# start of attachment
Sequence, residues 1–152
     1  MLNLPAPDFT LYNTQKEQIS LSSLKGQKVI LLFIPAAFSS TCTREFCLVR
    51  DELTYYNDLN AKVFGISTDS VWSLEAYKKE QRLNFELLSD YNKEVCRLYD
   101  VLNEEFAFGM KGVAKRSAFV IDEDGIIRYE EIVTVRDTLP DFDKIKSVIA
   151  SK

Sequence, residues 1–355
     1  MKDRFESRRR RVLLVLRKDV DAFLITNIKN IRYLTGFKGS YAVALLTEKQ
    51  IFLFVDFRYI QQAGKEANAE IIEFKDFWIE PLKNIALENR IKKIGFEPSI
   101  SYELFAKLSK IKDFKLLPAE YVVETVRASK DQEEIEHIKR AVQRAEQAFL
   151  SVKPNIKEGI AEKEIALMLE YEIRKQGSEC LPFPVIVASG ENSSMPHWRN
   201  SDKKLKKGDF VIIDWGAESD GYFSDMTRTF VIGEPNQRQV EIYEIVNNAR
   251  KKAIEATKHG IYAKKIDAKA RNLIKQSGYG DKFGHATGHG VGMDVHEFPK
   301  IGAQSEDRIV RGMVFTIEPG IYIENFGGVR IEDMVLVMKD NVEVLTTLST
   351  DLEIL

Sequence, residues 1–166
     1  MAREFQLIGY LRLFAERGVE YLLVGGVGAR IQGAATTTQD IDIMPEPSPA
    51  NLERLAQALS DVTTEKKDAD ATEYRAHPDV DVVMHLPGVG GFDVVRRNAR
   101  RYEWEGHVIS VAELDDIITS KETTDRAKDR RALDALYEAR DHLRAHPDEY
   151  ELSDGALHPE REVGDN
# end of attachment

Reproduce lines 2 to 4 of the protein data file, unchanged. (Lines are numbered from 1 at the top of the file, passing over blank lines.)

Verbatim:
     1  MLNLPAPDFT LYNTQKEQIS LSSLKGQKVI LLFIPAAFSS TCTREFCLVR
    51  DELTYYNDLN AKVFGISTDS VWSLEAYKKE QRLNFELLSD YNKEVCRLYD
   101  VLNEEFAFGM KGVAKRSAFV IDEDGIIRYE EIVTVRDTLP DFDKIKSVIA